Doctor’s Tip: How big food makes us sick and kills us
We all know that too many Americans, including young children, are overweight. Many currently have or develop hypertension, high cholesterol, diabetes and eventually cardiovascular disease and cancer.
These maladies are spreading to the rest of the world, as we export our lifestyle. Experts say this is the first generation of children in history who aren’t going to live longer lives than their parents. Many of us watched the documentary years ago called “Super Size Me,” where the producer decided to eat three meals a day at McDonald’s for one month — and whenever a supersized portion was offered he would eat it.
Within two weeks he had gained weight, and had developed prediabetes, hypertension and fatty liver disease. Clearly, typical fast food is not good for us, because it contains too much salt and sugar, too many refined carbohydrates and too many calories. But the uneducated shopper can run into just as much trouble at the grocery store.
Unhealthy food is the new tobacco. For decades, Big Tobacco lied to us about the health problems caused by smoking, until the evidence became too overwhelming to deny. Big Food is now using that playbook.
A couple of years ago the Sunday New York Times Magazine had a cover article about how Big Food hires scientists to figure out how to make its products more addictive, so that we buy more of it and the industry makes bigger profits. One CEO of a major food company finally couldn’t live with himself any longer and resigned, noting that not only are food companies making American adults obese and sick but children as well.
Food companies make people addicted to salt, sugar and fat. To the scientists who work for food companies, the ideal food is the Cheeto, which is crunchy, salty and oily, so three addictive ingredients. But because Cheetos seem “light and crunchy in the mouth,” people assume they can eat a lot of them with impunity.
Food companies are shameless about adding addictive substances to food. For example, why does Organic 365 unsweetened soymilk from Whole Foods have 85 mg. of sodium per serving size (1 cup)? Answer: to hook you on the product.
The other way scientists sell their souls to food companies is to conduct studies with predetermined outcomes, which show that a product is safe and healthy when it really isn’t (there are many ways to manipulate studies and their outcomes).
When you are grocery shopping, read food labels and first see what the serving size is. Then see what the sugar content is and keep in mind that 4 grams is a teaspoon (you can’t visualize grams but you can teaspoons). Then see how much salt is in a serving, keeping in mind that the healthy limit of salt is 1,500 grams a day. Look for the total carbs and fiber on the label. Multiply the fiber number by 5 and if the result is greater than the total carbs number, that product has lots of fiber and whole (unprocessed) grains. (Don’t be fooled by bread wrappers and cereal boxes that say “whole grains,” because they can say that if the amount of whole grains is minimal).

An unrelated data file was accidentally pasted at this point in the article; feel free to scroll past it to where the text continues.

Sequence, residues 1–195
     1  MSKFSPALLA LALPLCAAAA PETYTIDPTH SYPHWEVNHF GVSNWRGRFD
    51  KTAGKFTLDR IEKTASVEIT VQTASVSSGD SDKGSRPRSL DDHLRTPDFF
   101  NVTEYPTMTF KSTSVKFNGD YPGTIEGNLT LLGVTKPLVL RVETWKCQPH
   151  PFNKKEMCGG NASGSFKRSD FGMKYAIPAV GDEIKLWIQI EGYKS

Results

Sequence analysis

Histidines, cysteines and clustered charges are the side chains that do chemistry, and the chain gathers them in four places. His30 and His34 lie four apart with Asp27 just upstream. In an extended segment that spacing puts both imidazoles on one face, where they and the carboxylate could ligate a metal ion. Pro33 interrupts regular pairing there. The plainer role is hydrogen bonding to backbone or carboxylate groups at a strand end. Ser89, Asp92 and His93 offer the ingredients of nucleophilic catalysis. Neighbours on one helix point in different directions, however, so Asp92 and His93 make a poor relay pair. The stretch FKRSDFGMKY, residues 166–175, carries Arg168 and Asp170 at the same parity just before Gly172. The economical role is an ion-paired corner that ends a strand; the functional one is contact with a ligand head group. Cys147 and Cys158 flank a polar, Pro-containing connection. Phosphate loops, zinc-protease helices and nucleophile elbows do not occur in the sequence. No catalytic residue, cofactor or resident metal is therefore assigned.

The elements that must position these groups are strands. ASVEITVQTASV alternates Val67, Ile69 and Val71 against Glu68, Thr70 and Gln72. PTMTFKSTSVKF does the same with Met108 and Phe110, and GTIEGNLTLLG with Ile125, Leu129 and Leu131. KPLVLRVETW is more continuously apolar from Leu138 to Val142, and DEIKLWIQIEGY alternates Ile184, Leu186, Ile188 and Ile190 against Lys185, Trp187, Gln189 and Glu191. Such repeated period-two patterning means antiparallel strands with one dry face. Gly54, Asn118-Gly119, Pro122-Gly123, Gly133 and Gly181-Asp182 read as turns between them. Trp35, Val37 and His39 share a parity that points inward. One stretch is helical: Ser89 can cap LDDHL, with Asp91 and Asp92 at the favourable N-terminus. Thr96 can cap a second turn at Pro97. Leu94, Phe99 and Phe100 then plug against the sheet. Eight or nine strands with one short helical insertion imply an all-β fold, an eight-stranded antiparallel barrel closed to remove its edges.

Also, although organic is preferable in anything without a peel (it isn’t helpful to spend more money on organic apples, oranges or avocados), don’t always assume that just because the label says “natural” or “organic” it is necessarily healthy. For example, Amy’s frozen vegan burritos would make a light, healthy lunch if each one didn’t contain 620 mg. of salt, more than a third of the daily allowance.
Toward the end of the Obama administration, rules were established to make food labels more consumer-friendly, such as making the serving size more understandable (11 chips instead of 1 ounce), and specifying added sugar instead of just total sugar. But the anti-regulation philosophy of the Trump administration has caused these rules to be delayed, perhaps forever.
To beat Big Food at its own game, when you shop for groceries spend most of your time in the produce aisles buying vegetables and fruit. After 10 to 14 days, people get over their addiction to salt, sugar and fat, and lose their taste for those things. It’s very difficult to find healthy cereal in a box, so consider buying bulk multigrain cereal or steel-cut oatmeal, for example. The healthiest bread I have found is low-sodium Ezekiel, kept in the cooler at Whole Foods (because it doesn’t have a lot of preservatives).
There are health coaches in the area who can help you make healthy choices when you shop, such as Ardis Hoffman (firstname.lastname@example.org, 970-340-3221), who also does cooking classes.
Dr. Feinsinger, who retired from Glenwood Medical Associates after 42 years as a family physician, now has a nonprofit Center For Prevention and Treatment of Disease Through Nutrition. He is available for free consultations about heart attack prevention and any other medical concerns. Call 970-379-5718 for an appointment. For questions about his columns, email him at email@example.com.
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